Dan continued, “My friend, Chef Octavio Becerra, introduced me to the felicitous practice of the evening-ending beer.  Calms the stomach.”  So beer to finish isn’t as peculiar a nightcap as I had thought!
But wait, there are 2 more dishes left to share with you, and squab is next up on the menu.  I never knew that the word ‘squab’ could be a sofa or a way to “fall heavily plump and fat,” words have taken strange turns, haven’t they?  For our purposes, a squab is a young pigeon that is dispatched just as its feathers are starting to come in and therefore is less darkly flavored than the adult version.  Then as now, squab was a fancy dish for a well-heeled audience.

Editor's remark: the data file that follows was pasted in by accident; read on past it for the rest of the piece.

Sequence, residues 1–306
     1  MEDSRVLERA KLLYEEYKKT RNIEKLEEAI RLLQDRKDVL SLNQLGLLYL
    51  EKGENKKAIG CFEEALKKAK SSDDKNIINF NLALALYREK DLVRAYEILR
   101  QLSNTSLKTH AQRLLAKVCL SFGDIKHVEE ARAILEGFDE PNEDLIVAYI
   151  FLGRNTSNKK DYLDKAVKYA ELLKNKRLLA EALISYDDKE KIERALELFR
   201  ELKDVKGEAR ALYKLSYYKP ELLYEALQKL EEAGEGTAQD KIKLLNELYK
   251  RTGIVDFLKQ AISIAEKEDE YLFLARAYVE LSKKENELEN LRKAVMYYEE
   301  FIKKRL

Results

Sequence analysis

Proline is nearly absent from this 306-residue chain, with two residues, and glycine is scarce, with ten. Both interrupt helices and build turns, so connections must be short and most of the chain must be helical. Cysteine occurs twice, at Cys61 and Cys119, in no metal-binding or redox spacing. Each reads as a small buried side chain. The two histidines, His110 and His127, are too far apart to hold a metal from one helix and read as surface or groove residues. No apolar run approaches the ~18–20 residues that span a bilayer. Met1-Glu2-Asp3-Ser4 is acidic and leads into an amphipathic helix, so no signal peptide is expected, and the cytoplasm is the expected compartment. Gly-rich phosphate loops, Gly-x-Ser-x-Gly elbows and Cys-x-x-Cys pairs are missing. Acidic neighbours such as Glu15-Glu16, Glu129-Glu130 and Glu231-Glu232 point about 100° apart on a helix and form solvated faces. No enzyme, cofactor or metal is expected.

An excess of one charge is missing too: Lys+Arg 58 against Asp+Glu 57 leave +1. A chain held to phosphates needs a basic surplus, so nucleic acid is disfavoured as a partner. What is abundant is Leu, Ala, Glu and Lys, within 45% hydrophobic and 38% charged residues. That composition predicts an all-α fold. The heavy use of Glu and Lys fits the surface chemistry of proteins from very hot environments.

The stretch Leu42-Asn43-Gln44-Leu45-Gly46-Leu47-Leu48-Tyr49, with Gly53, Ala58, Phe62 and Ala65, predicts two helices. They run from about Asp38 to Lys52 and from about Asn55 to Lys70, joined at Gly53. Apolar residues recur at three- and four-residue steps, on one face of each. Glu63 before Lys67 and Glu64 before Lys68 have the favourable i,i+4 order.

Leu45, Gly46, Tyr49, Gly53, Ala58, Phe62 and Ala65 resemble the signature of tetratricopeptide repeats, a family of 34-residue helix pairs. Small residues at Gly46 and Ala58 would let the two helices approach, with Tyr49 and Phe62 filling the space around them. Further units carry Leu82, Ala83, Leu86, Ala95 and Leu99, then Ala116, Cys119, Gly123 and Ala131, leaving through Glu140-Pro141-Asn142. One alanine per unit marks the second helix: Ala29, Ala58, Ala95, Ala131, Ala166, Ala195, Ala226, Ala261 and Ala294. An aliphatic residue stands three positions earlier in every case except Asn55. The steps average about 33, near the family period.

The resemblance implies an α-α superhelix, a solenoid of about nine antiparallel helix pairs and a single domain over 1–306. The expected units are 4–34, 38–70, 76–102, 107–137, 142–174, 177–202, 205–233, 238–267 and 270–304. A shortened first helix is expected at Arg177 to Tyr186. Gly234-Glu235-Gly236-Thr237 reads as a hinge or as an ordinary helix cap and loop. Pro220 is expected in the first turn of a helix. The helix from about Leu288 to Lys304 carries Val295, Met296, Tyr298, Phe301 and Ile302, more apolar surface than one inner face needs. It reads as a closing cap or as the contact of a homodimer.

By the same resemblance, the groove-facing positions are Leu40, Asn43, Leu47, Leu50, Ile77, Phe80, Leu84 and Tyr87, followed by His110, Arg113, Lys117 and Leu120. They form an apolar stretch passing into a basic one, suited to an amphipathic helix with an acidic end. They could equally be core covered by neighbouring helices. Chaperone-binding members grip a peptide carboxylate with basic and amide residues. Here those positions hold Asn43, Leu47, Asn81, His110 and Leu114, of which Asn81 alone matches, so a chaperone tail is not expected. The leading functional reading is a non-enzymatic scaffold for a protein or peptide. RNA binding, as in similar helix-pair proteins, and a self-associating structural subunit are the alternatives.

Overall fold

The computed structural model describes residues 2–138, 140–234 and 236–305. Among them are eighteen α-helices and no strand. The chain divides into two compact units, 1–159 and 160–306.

I decided since I had 2 beautiful little D’Artagnan  squabs to play with, I would try them 2 ways, split and fried and roasted whole to see which I preferred. I used 2 different sauces as well – one tangy with tarragon vinegar and the other sweet and rich with port and currant jelly.  Both are excellent and would work with duck admirably.  Remember, like its grown-up version, squab does not like being over-cooked… it turns liverish… go for medium for best results.  Squab aren't large as the Twain quote noted 

"It is as sweet an outfit as ever I saw, what there is of it."  Too true,  but as Spencer Tracy once observed "what's there is choice" (actually, he said cherse, in his inimitable tough guy way).

Squabs with Tarragon

2 D'Artagnan squabs, split in half 
2 oz butter
1 t flour
1/2 cup reduced stock*
1 T tarragon vinegar (I put tarragon in ww vinegar a few days before)
1T Madeira